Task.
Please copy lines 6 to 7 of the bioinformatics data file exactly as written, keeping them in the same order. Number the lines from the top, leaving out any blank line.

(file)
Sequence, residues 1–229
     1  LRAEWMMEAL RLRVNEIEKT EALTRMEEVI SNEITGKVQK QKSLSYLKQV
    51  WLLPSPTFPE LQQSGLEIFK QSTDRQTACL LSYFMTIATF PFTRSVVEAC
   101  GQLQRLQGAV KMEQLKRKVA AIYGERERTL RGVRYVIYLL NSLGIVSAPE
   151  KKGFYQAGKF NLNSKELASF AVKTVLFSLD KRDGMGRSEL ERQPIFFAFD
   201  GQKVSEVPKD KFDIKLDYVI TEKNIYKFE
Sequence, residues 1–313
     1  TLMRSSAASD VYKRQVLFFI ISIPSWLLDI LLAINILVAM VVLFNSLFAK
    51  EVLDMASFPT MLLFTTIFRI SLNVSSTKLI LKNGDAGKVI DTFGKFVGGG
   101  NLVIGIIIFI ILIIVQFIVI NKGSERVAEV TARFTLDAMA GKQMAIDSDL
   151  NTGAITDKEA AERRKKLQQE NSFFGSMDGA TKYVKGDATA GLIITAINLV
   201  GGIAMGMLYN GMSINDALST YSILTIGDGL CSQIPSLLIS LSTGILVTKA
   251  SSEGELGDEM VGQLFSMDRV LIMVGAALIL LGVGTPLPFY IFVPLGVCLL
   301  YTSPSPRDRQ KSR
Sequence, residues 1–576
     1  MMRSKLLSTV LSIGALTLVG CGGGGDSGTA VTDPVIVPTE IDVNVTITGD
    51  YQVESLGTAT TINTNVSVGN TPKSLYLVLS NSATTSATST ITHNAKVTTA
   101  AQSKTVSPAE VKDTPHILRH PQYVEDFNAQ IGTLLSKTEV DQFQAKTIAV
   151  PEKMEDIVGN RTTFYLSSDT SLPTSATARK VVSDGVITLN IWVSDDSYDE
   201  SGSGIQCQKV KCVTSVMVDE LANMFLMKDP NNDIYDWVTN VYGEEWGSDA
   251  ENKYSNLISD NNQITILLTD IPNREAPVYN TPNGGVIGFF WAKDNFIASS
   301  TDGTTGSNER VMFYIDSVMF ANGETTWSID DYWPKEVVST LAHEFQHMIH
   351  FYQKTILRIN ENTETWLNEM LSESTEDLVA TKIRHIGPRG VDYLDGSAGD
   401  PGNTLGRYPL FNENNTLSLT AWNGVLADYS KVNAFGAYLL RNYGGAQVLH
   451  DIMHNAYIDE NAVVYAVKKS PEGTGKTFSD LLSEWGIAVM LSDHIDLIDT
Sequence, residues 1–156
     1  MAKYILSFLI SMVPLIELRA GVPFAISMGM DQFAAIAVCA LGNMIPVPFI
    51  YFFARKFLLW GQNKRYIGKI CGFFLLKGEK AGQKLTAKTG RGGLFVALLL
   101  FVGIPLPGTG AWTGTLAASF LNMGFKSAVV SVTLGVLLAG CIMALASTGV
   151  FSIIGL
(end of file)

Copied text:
   201  GQKVSEVPKD KFDIKLDYVI TEKNIYKFE
Sequence, residues 1–313